The Last Hubble Mission Part 3

>> Tuesday, May 26, 2009

So, what exactly did all that hard work buy us on the Hubble Space Telescope?

Today, let's talk about the science instruments.

Well, the Hubble Space Telescope was in pretty tough shape. You can see a layout of the key HST systems here.

The Hubble's science instrument complement included a NICMOS (Near Infrared Camera and Multi-Object Spectrograph). Installed originally on SM-2, an unexpected thermal expansion required the cooler installed on SM-3B. This cooler was a non-trivial task, effectively squeezing a complex system into a space that wasn't expecting anything. The clever and innovative design worked, though.

Unfortunately, a required shutdown for a software upgrade in September of last year still hasn't been recovered as the NICMOS has stubbornly refused to restart for any appreciable time. Another attempt after SM-4 will likely be attempted. This unit was not repaired during SM-4 and its future is uncertain.

The STIS (Science Telescope Imaging Spectograph) which was installed when the NICMOS was installed, had a recent failure of a 5 volt power supply. One task set (and accomplished) for SM-4 was the replacement of the computer board with the 5 V power supply. An EVA computer board repair was another of those repairs that were never envisioned for the HST. Computer boards are inherent sharp edges and opening the the cover to get to the board required removal of 111 screws - non-captive fasteners.

Now, for those of you that don't know, captive fasteners are generally used for EVA because, even when you remove an item, the fastener stays in place. That way bolts and screws and nuts and what-have-you don't float out into space to return later as projectiles and make sure that all the fasteners needed for a piece of hardware are available during reinstallation.

In order to perform this repair, a special plate was designed that would allow capture of all the screws. Then the board was replaced and a modified cover was installed in the original cover's place, one that required only two levers for installation instead of 111 screws. I think you begin to see the advantages of the work done on the ground to make these EVAs easier. This EVA was performed and tests are ongoing to hopefully allow this valuable instrument, the first instrument to detect the spectrum of the atmosphere of an extrasolar planet, return to work.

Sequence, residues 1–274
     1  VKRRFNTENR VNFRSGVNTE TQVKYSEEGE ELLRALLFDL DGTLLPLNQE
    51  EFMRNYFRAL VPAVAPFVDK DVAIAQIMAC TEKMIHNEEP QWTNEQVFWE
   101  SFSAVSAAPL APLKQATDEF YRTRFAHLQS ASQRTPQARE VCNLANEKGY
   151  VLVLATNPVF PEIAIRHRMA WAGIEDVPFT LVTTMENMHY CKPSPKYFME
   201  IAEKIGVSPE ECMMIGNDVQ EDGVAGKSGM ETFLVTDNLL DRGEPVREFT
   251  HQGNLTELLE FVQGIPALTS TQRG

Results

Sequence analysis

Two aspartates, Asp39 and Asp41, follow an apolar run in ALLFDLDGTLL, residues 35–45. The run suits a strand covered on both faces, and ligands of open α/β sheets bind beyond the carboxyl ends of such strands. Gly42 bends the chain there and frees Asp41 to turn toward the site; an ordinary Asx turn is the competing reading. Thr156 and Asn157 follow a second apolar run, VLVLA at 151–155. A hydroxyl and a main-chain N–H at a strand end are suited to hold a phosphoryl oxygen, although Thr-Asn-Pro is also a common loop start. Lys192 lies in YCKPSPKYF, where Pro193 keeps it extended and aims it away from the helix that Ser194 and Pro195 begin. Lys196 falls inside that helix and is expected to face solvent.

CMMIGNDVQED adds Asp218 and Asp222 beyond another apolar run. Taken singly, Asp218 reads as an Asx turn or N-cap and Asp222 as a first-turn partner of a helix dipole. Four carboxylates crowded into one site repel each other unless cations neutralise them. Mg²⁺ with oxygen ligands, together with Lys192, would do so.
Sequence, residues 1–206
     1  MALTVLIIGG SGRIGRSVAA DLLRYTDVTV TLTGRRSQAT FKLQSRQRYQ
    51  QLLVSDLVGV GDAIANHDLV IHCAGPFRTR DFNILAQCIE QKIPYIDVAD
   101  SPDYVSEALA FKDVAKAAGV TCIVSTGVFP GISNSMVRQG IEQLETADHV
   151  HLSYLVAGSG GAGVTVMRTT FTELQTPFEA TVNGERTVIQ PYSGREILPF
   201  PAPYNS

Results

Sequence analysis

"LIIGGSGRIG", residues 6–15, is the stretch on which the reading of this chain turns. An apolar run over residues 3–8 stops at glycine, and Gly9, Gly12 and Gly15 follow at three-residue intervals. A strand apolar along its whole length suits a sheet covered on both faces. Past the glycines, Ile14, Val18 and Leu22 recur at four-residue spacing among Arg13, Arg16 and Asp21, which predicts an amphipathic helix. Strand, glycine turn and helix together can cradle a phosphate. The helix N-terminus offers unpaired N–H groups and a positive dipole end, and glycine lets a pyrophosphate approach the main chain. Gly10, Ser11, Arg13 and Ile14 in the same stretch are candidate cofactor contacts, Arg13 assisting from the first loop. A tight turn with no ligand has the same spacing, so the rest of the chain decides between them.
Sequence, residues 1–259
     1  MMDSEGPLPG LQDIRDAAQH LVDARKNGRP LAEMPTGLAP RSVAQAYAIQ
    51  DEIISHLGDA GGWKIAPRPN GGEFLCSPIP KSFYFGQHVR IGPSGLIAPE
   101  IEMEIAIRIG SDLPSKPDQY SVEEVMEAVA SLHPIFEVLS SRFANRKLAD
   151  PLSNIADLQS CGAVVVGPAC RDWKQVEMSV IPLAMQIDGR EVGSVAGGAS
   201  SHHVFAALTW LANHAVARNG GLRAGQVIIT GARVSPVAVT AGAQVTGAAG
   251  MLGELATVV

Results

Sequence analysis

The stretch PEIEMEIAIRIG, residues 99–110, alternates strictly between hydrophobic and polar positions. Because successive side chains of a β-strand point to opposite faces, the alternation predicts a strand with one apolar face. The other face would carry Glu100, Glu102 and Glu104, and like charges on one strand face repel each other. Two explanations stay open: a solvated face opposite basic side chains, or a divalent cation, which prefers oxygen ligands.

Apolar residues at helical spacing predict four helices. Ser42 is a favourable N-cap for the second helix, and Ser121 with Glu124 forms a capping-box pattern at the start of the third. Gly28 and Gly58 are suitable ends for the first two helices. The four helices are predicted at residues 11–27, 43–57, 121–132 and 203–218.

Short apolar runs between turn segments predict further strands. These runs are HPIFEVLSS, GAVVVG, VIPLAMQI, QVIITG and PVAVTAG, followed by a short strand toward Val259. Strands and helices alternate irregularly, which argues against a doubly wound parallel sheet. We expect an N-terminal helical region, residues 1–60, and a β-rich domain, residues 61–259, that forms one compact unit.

The ACS (Advanced Camera for Surveys) also had failed. Electronic issues on both redundant sides left the ACS with only a single channel and two of its modes unavailable. Since there isn't time to replace the failed electronics, the hope is that the wiring is intact and a new power supply will be tied to the existing system. The intent is to replace four computer boards with new ones. The new boards are pre-installed into a cartridge that will go into the spot vacated by the removed boards. The cartride simplifies installation and the smaller boards are of a new type that can be reconfigured remotely to tweak the system for the best use of the ACS instrument. The integrated circuit board design is the same sort of system planned for the James Webb Telescope.

Replacing the corrective optical package (that none of the instruments currently need) will be a new instrument, COS (Cosmic Origins Spectrograph). Intended to complement the STIS (if the repair is successful), this is one of the more straight-forward EVA tasks as these instruments were intended to be replaced and, in fact, this was installed on HST SM-1.

The Fine Guidance System (FGS) has been replaced repeatedly and will be replaced with an refurbished and upgraded unit. This unit is not only an astronomical instrument, it is also part of the fine pointing system for the complex spacecraft. It's a tricky and bulky instrument to replace, but it was also designed for EVA and replacement was done with existing tools and procedures.

Finally, the primary camera, the Wide Field Planetary Camera-2 will be replaced with a lovely new instrument, the Wide Field Camera-3, that is more accurate and stunning than the two previous versions. It's a tricky activity to replace this camera, much like replacing the FGS, but it was also designed for replacement and the task was readily done.

So, how much of this science upgrade, repair was completed on SM-4? All of them. The WFC-3 was installed on EVA-1. The COS was installed and the ACS repaired on EVA-3. STIS was repaired on EVA-4 and the Fine Guidance Sensors were installed on EVA-5.

And, hey, that's not even counting all the other spacecraft repairs they did. I'll tell you about them tomorrow.


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